Hakimul Batih IIEE

Acknowledging the different levels of capacity across Indonesia’s landscape is key.


The reality on the ground in Indonesia

October 22, 2019

Hakimul Batih, executive director of the Indonesian Institute for Energy Economics (IIEE), talks to TOGY about the need to switch to a net-split PSC model to restore oil production levels and the challenges in the country’s 2025 energy mix targets. IIEE is a non-governmental energy economics research institute.

What is your assessment of the drop in oil production and what consequences could it have for Indonesia’s long-term energy security?
Statistics show a clear decline in oil production, and our National Energy Policy makes clear that if nothing is done, there will be a further decline. It is said that thanks to the implementation of EOR techniques and further production schemes the situation will change, but this seems to be over-optimistic. The fact is that there has to be a change of regulation from gross-split revenue to net-split in order to reverse the situation.
If we carry on with the same dynamics established today, the gap between production and consumption will widen even more. There has to be a change of mindset. It is not about relying on foreign actors in producing or importing more oil, but about being less dependent overall. If the government gives the green light to importing crude oil and its products, this will be fine for the short term. But what about further down the line? If there are political changes in the region, Indonesia could be harshly affected by this dependence.

How would you empirically rate Indonesia’s current energy security environment?
IIEE is helping the government of Indonesia to develop the energy security and energy self-reliance index. Of course, many indicators affect the result of such indexes, including availability, accessibility, affordability, acceptability, investment, etc., which serve as determinant variables. The scoring method goes from 0-100, and Indonesia currently stands at around 60. As mentioned, the main problem is the need to change people’s mindset in order to solidify our energy security net and make it less vulnerable.


To what extent does the 2025 energy mix target of 23% from renewables fit with the country’s development plans?
The 2025 target is too high. IIEE has been involved with the government in developing an effective national energy plan. We have tried to push for a bottom-up process, using energy modelling. The estimates of 6-7% economic growth, for example, is no longer relevant for current economic condition. Acknowledging the different levels of capacity across Indonesia’s landscape is key. The national energy plan is very good on paper, but in practice it is very far from reality. It needs a solid strategic implementation plan to achieve the target.

What incentive-disincentive patterns do we find across the country in promoting renewable energies?
In Java, for example, the cost of electricity is already low because of coal. It is therefore impossible for renewables to compete with fossil fuels in this area. By contrast, there are further opportunities for renewables in the eastern parts of the country because they are using diesel instead of coal to generate power.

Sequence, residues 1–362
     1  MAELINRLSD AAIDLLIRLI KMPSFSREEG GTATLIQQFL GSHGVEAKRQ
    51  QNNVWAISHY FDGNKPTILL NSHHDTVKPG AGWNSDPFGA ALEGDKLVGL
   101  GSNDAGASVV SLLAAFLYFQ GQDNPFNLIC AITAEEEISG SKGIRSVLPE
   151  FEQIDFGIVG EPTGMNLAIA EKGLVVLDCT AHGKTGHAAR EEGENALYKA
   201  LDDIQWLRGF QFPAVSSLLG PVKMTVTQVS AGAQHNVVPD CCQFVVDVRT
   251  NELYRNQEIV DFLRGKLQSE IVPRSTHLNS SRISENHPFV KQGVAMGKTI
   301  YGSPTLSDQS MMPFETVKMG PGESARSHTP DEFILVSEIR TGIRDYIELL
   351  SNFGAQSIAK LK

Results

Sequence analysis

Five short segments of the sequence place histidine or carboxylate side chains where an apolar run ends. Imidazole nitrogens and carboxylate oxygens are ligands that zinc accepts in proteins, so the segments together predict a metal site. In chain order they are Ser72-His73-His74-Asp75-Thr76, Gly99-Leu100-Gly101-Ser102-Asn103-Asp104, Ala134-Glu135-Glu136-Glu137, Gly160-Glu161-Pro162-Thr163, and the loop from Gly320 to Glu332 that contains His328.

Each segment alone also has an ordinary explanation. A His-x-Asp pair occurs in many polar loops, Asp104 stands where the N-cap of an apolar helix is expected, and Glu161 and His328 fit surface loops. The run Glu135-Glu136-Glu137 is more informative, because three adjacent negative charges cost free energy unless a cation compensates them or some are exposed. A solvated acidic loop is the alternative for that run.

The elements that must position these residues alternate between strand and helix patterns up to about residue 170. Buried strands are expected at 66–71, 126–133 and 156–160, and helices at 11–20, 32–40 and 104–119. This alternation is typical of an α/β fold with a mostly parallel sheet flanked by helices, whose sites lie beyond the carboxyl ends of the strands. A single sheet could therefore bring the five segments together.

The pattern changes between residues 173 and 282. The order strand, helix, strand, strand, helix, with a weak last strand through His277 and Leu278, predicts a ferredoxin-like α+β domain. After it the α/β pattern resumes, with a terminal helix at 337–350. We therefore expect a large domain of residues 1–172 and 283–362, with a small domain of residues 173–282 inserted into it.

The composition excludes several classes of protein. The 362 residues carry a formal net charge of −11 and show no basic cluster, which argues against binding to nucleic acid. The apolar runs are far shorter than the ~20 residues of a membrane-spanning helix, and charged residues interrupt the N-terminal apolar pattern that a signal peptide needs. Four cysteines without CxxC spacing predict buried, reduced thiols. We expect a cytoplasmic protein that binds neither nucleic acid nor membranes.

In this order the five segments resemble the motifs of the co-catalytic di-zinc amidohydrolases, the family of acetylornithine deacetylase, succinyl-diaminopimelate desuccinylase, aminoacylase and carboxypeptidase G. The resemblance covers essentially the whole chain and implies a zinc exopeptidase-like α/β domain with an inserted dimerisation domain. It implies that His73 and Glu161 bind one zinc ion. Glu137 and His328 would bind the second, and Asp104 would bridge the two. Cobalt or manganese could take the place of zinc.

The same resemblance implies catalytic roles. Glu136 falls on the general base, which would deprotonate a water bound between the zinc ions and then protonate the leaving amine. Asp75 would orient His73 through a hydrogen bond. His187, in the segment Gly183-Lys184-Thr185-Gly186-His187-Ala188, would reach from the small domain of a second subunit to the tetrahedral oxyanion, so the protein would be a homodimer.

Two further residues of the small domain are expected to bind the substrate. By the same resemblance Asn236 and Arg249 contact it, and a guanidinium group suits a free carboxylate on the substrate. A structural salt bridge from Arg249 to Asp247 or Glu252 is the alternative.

However, the east also faces its challenges. These areas have a lower electrification ratio added to the fact that the cost of electricity is still high due to the use of diesel. The government wants investors to focus on the east but there is no proper infrastructure nor means for them to invest. In general, one could say that the current environment for renewables is disincentivising rather than incentivising.
Luckily, in Indonesia government, industry and academics agree on the need to shift towards renewables. Still, there is a huge disconnect between theory and practice. The awareness is there but the actual willingness to make change is lacking. Furthermore, the regulations in this particular area are lagging behind, and it is precisely regulations and fiscal incentives that the country needs to materialise real change.

In what ways does IIEE shed light on the need to shift towards more sustainable energy?
As an institute, we try to give technical assistance to the government through research. In this regard, we are helping the government in areas such as energy modelling and capacity building, especially at the provincial level.
We also have a public outreach division through which we implement a more practical approach. Firstly, we help build renewable energy facilities. Here, we promote electrification in rural areas by using local renewable energy resources.
This is seen in West Sumatra, where we built a micro-hydro facility aimed at empowering local communities. This facility is currently run by a co-operative that also manages coffee production and processing, and Edu-Ecotourism in order to increase the economic and sustainability potential of the region. Now, we are trying to get funding from donors to do similar projects in this same area.
Secondly, we have a programme for high school seniors called Energy Saving Ambassador. With it, we teach the youth how to calculate energy consumption and how to save energy. The aim is to create awareness among young people to eventually spark a change in mindset among the new generation.

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